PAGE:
The Demands of Recognition
State Anthropology and Ethnopolitics in Darjeeling
The Demands of Recognition offers a compelling look at the escalating politics of tribal recognition in India. At once ethnographic and historical, it chronicles how multicultural governance has motivated the people of Darjeeling to ethnologically redefine themselves—from Gorkha to tribal and back. But as these communities now know, not all forms of difference are legible in the eyes of the state. The Gorkhas’ search for recognition has only amplified these communities’ anxieties about who they are—and who they must be—if they are to attain the rights, autonomy, and belonging they desire.
Histories, Politics, Environments
Darjeeling Reconsidered provocatively rethinks Darjeeling’s legendary status in the postcolonial imagination. Mobilizing diverse disciplinary approaches from the social sciences and humanities, this definitive collection of essays sheds fresh light on the region’s past and offers critical insight into the issues facing its people today. The ethnographic chapters present cutting-edge accounts of dynamics that define life in 21st century Darjeeling: among them the realpolitik of subnationalism; Fair Trade tea; indigenous struggle; gendered inequality; ecological transformation; and resource scarcity. Through these eye-opening perspectives, Darjeeling Reconsidered figures Darjeeling as a vital site for South Asian and Postcolonial Studies-and calls for a timely re-examination of the legend and hard-realities of this oft-romanticized region and its people.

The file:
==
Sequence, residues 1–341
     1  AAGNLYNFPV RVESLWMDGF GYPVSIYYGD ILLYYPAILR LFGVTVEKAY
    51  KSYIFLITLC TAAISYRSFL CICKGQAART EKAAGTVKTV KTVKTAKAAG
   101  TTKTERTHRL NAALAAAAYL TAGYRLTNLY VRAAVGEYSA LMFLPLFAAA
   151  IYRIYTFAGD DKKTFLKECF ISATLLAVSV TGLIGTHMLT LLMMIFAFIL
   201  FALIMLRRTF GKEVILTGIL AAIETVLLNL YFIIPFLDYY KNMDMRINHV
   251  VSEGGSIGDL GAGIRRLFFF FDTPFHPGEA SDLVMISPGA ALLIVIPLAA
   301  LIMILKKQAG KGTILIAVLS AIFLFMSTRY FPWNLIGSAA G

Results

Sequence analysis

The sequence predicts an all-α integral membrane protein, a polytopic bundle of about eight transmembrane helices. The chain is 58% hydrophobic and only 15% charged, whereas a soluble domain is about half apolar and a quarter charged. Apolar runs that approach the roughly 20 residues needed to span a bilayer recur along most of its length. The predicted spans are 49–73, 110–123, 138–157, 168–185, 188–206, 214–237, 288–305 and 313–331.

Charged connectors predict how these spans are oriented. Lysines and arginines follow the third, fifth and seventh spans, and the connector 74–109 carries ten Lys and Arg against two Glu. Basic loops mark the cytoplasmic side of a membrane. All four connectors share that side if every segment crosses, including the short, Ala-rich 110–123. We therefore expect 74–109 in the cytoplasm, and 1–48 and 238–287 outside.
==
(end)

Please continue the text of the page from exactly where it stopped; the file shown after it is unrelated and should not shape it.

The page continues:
Limn 10 explores chokepoints, sites that constrict—or choke—the flows upon which contemporary life depends. Malfunction brings widespread effects. At once vital yet vulnerable, why do chokepoints work? What happens when they do not?
Research Assistants, Researchers, and the Production of Ethnographic Knowledge
Special Issue of Ethnography on Fieldwork(ers): Research Assistants, Researchers, and the Production of Ethnographic Knowledge
This collaborative project brought ethnographers and research assistants into critical dialogue with one another to reflect on the practice of ethnography itself.